- from our blog on Medium!
When you make a reservation to Sushi Singularity in Tokyo, you will receive a glossy, white package in the mail. It’s a health kit containing all of the tools needed to send the restaurant your biological samples — specifically, your saliva, urine, and feces. After your samples are analyzed, you will be branded with a Health ID. Then, based on the nutritional needs indicated by your biodata, the perfect meal will be engineered for you. When you arrive at the restaurant, 3D printers and robotic arms will assemble your dinner right before your very eyes.
This Murakami-esque concept is set to become a reality in 2020, and represents the furthest extreme of a growing trend towards personalized consumer experiences. Sushi Singularity is one of many hyper-futuristic endeavors by Japanese company Open Meals — other concepts include a database from which you can download and print food, and a "pixel food printer". Plans for the restaurant debuted SXSW 2019, where patrons got a first look of the dystopian “food fabrication machine” that dispenses “edible, flavor-infused gel.”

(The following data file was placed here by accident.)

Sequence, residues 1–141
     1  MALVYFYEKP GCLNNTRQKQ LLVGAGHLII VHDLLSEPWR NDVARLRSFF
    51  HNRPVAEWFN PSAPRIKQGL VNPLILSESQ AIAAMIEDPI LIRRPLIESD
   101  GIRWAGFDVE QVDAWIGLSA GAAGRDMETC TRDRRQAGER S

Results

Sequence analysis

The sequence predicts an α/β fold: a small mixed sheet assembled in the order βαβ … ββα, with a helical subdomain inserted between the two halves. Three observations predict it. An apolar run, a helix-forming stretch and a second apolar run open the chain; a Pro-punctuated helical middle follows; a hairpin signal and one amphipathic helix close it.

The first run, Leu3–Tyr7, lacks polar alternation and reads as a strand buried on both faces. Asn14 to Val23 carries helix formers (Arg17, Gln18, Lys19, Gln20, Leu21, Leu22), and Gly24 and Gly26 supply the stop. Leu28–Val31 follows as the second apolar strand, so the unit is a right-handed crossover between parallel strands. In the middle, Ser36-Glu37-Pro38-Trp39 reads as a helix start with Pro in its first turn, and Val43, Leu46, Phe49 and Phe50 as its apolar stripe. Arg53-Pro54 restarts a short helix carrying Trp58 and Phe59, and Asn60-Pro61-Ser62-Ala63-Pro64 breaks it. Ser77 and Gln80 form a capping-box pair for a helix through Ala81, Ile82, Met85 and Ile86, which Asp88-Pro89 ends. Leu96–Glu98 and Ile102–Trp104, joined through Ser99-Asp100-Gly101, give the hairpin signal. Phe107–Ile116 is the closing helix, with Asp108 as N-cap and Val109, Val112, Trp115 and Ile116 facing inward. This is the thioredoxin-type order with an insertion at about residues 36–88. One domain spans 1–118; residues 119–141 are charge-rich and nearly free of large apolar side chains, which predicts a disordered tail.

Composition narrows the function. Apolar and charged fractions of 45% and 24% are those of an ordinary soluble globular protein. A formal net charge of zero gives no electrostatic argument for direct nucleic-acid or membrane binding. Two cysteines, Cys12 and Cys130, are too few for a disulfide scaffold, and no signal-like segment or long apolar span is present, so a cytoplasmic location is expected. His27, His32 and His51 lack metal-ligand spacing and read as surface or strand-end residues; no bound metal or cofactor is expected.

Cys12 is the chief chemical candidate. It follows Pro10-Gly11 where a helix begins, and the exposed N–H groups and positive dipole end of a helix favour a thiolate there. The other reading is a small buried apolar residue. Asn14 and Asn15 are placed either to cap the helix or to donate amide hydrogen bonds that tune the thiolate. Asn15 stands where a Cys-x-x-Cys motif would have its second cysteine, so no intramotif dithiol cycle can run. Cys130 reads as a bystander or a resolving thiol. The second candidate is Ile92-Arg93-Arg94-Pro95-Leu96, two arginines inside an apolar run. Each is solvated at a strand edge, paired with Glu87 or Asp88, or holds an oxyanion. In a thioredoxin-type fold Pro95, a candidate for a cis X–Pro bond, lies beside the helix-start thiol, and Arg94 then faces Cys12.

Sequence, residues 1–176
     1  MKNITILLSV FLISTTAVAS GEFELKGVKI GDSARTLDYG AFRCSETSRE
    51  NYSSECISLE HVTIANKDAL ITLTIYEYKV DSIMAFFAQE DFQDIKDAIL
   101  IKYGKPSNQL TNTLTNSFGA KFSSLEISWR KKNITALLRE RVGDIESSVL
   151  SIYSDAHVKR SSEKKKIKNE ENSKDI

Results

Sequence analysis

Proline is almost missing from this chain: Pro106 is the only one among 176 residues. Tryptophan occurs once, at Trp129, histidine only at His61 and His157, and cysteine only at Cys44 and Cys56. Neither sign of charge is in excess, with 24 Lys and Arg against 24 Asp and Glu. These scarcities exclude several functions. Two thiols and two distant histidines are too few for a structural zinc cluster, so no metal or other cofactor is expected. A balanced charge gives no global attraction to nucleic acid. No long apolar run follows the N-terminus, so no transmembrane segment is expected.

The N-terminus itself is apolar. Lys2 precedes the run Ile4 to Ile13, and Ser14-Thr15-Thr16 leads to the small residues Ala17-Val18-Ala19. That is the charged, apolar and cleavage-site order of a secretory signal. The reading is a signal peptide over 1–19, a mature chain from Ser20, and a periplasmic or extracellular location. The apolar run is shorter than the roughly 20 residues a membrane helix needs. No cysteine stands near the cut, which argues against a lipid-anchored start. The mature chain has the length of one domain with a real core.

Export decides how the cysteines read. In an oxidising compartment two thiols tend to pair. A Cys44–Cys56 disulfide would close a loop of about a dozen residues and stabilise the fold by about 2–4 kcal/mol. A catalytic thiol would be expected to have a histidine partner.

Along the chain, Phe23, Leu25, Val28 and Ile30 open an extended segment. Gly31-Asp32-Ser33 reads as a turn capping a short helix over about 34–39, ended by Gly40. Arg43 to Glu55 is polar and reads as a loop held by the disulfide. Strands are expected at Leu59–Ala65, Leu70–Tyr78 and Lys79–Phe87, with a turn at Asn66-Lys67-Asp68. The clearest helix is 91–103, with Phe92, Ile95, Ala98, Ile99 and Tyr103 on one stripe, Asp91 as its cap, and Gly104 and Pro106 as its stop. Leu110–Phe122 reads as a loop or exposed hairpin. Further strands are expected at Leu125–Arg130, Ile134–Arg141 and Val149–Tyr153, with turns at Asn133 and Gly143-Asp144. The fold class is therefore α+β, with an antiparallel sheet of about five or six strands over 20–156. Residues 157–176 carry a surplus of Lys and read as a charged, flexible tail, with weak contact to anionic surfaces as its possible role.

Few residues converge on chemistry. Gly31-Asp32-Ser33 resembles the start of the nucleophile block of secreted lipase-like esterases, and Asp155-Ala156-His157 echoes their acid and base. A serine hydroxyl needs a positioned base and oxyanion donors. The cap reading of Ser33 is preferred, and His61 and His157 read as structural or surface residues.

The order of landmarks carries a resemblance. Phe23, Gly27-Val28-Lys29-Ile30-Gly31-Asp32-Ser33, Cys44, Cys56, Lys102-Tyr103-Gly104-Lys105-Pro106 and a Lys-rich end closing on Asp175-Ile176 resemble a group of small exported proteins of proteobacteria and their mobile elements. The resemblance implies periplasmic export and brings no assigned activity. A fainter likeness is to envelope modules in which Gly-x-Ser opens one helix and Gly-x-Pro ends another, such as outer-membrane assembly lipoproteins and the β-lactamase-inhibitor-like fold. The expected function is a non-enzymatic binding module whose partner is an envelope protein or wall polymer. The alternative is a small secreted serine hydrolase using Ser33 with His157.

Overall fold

Consumers have been increasingly willing to let brands use their data to provide personalized products and recommendations. Sharing your browser history and taking surveys have become typical customer experiences — but how willing are you to let go of your biological data to say you had a unique meal? As companies find new ways to capitalize off of our own footprints, concerns regarding health and privacy loom ominously over our heads.
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